Koru Team News: Term 3 Week 9

 Kia ora e te whānau,

We hope you are all having a lovely weekend together with your families! We have been very busy in the Koru team over the past fortnight: 

  • we've had some very exciting new outdoor equipment arrive, and the children have been having fun experimenting with its use
  • we've had two fun Learning Through Play themes: 'Puppets' and 'Shops' 
  • and the children are continuing to make great progress in their Literacy and Maths learning! Thank you so much for your support with this at home - it makes such an enormous difference. 
It has also been wonderful to see our tamariki independently unpacking their bags, putting away their lunchboxes and drink bottles, and putting their folders in the correct reading folder containers each morning. We appreciate and thank you for your continued support with this.

We would like to say a very warm welcome to Finley who started school last week. It is so lovely to have Finley in the hub with us. He has settled in beautifully, and our 'Golden Oldies' have made him feel very welcome and at home. 

Word of the Week: Throughout the year, each week we have a school-wide 'Word of the Week'. Some of our focus words this term, have included: Determination, Empathy, Resilience, Respect, and Kindness. This week we have been focusing on Co-operation. We have been discussing and reflecting on what our play and relationships will look like, sound like, and feel like when co-operation is being incorporated into what we say and do. You'll see some impressive examples of cooperation in the photos below! We encourage you to talk with your children about these values and to ask them what they believe each of these words means.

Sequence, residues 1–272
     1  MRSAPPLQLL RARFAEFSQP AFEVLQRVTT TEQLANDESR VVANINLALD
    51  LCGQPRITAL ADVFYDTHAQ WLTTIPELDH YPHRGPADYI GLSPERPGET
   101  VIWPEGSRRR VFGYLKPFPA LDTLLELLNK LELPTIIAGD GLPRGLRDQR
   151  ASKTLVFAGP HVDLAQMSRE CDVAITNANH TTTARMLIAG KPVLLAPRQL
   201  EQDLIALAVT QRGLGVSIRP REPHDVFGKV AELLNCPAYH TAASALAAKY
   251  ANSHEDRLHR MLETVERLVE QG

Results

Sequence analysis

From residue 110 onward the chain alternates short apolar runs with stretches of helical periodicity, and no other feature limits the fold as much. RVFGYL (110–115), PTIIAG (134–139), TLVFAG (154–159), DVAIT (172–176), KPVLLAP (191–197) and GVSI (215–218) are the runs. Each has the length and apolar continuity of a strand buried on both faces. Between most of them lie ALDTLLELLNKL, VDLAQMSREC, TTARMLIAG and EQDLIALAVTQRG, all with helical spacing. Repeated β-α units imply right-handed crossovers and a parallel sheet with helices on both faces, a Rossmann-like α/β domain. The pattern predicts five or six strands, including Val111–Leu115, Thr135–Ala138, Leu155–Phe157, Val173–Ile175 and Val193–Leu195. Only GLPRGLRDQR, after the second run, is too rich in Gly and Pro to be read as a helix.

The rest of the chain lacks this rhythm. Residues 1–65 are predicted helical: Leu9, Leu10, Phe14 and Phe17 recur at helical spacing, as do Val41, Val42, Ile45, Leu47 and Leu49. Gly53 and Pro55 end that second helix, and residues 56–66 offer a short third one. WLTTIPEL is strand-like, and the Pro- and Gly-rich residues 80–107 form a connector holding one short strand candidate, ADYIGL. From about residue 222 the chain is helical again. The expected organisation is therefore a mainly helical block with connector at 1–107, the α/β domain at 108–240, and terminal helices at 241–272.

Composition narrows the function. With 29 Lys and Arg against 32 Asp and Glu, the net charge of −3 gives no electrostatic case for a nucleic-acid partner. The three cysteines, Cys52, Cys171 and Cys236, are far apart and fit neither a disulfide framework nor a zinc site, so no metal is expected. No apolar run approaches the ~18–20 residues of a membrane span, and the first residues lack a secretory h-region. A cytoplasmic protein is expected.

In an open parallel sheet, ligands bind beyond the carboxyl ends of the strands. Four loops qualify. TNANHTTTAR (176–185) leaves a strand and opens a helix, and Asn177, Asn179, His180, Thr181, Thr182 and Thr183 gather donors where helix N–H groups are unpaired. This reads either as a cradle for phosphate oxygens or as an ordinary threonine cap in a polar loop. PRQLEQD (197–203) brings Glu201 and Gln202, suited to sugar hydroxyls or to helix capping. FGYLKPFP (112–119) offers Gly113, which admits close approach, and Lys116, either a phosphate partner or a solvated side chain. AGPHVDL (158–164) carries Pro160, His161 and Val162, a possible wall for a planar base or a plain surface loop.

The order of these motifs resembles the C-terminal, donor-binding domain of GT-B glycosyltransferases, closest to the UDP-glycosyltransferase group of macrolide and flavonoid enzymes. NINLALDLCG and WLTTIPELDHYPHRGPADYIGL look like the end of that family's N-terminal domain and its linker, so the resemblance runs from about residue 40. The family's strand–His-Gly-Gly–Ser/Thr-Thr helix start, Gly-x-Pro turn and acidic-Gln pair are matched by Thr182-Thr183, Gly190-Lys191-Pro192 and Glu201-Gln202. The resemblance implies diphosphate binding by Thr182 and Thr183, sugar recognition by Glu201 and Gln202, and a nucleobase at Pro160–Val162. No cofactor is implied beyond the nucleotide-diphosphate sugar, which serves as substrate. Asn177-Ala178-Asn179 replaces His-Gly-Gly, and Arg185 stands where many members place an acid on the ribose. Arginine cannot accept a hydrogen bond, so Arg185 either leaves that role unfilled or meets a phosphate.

Learning Through Play: During each school day, our tamariki are involved in Learning through Play activities incorporating different social competencies, all while the children are engaged in play. This can involve:

  • improving social skills, such as turn-taking, sharing, negotiating, and ensuring that things remain fair
  • being aware of the use of our school kete values in the classroom environment
  • learning new tricks and skills, as well as being inventive, with the outdoor equipment 
  • role playing within some of the different play areas like the family corner, the puppet theatre and the shops display, and 
  • learning how to work together with others and practise the skills needed to work collaboratively and to be a team player. 

We also have different themes to help spark interest in the Learning Through Play. Throughout Term 3, our themes have included: obstacle courses, cafes, vets, puppets, and shops. These themes have provided tamariki with endless opportunities and new ideas for their play. In the photos below, you will see how creative and imaginative our tamariki are. The children have been very creative in their use of the new outdoor equipment which has arrived.

Awesome balancing on the new 'stilts'!

What a cool creation for Bounce and Skip, and what a wonderful example of cooperation!

That's a tall tower team (and more fantastic cooperation).

Showing We Love Challenge with this incredibly challenging jigsaw puzzle.

"Come with me - let's go play!"